This column from Rome, Italy was erected in AD 13 and the original column is marble.

From Wiki:

The original column in Rome is some 30m high and included an internal spiral staircase which led to a platform at the top. The cast is of the huge pedestal and the entire column, but excludes the viewing platform. The original statue on the top was lost in antiquity. The pedestal is covered in illustrations of booty from the Dacian Wars and the column is covered in a detailed frieze illustrating the conquest of Dacia by the Roman emperor Trajan.

The frieze spirals around the column and is in narrative form something like a comic strip. There were in fact two wars against Dacia, the first (AD 101-102) is illustrated in the lower portion of the column, and the second (AD 105-106) in the upper portion. The dividing point on the column is marked by a personification of Victory writing on a shield and this is approximately the point at which the cast of the column is divided.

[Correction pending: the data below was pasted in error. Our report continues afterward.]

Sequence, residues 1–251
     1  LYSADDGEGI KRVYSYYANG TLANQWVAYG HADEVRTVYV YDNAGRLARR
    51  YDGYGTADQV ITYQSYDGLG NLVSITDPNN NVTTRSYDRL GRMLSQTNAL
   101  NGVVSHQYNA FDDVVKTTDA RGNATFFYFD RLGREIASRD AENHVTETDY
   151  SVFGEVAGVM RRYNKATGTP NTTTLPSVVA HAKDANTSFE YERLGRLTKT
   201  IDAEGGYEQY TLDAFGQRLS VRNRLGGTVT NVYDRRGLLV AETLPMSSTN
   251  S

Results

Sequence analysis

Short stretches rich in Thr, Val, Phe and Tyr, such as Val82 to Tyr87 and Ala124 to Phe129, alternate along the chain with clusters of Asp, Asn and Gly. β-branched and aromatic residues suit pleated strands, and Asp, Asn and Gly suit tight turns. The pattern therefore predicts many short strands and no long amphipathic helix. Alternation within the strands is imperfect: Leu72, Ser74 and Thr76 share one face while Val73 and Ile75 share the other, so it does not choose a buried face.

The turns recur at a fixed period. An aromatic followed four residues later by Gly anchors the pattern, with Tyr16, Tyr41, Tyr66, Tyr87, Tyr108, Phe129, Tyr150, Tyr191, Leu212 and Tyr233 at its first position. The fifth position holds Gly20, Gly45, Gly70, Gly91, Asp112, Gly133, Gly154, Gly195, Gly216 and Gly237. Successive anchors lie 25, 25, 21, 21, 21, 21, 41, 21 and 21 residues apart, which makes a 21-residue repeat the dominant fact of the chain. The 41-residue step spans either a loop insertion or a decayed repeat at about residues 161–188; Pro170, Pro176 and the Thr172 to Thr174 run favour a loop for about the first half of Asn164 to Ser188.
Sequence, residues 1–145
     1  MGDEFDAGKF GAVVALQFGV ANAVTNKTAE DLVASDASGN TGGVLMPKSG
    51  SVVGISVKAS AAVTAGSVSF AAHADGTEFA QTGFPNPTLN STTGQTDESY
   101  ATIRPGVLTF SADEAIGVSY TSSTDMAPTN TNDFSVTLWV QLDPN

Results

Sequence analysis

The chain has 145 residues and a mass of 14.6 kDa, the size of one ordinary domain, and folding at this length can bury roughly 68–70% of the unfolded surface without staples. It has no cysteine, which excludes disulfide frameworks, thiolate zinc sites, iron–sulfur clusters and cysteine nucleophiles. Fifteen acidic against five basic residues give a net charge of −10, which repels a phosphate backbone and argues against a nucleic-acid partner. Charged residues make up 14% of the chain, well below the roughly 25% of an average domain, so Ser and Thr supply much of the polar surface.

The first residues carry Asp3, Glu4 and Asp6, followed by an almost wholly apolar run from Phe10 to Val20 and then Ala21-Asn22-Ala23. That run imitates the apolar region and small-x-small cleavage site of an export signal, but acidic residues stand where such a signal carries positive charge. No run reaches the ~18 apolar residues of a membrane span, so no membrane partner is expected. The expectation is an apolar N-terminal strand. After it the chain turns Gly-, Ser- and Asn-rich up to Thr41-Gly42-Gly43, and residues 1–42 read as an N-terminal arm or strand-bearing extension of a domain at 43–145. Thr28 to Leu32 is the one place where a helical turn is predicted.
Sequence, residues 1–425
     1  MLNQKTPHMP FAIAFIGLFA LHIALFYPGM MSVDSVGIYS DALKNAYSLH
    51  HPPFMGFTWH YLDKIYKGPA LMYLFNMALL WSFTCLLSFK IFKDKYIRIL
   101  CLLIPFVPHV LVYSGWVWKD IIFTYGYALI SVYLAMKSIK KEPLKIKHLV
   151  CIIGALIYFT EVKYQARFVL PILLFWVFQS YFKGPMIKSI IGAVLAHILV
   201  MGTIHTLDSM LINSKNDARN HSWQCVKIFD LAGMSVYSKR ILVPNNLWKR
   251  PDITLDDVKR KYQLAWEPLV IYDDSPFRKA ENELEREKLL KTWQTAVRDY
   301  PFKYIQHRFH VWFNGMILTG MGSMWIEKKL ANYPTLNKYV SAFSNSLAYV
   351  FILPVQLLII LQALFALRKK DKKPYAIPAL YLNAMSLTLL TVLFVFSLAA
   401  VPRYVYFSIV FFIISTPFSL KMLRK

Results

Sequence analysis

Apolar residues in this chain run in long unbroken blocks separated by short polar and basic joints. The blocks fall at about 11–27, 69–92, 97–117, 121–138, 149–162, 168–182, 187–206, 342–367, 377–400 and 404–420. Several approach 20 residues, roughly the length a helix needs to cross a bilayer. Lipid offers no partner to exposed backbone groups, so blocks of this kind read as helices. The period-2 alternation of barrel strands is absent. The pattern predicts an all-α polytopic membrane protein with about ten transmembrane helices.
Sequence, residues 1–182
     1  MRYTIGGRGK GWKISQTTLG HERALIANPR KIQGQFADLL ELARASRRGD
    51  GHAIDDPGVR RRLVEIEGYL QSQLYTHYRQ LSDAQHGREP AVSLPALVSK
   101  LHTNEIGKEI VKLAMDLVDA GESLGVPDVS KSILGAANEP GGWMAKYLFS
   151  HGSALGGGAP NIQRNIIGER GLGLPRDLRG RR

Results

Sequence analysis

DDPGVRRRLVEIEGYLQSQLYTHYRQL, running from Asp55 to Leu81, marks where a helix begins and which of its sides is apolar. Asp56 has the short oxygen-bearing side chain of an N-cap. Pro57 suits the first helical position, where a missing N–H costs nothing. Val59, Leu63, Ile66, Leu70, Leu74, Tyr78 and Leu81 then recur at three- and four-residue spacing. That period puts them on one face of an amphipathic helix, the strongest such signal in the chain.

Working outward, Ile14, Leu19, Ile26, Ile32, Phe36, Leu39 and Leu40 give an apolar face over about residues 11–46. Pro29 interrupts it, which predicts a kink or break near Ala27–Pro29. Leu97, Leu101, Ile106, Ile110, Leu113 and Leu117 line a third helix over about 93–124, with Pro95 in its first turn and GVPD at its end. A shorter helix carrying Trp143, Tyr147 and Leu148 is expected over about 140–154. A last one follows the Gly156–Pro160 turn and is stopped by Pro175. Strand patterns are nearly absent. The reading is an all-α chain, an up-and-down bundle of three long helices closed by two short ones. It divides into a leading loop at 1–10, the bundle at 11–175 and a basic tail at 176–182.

To the left of the photo is the upper portion and to the right the lower portion.  The best view of them was from the 1st floor because they are far too tall to appreciate from below.

Trajan's Pillar

6 Comments CherryPie on Mar 16th 2010

6 Responses to “The V&A – Trajan’s Column”

  1. Ginnie says:

    Can you imagine the amount of time and effort it took to create that masterpiece, CP! I was trying to find out how long it took to make?

  2. jameshigham says:

    Those are the sorts of things which put life in perspective.

  3. Claudia says:

    Very impressing!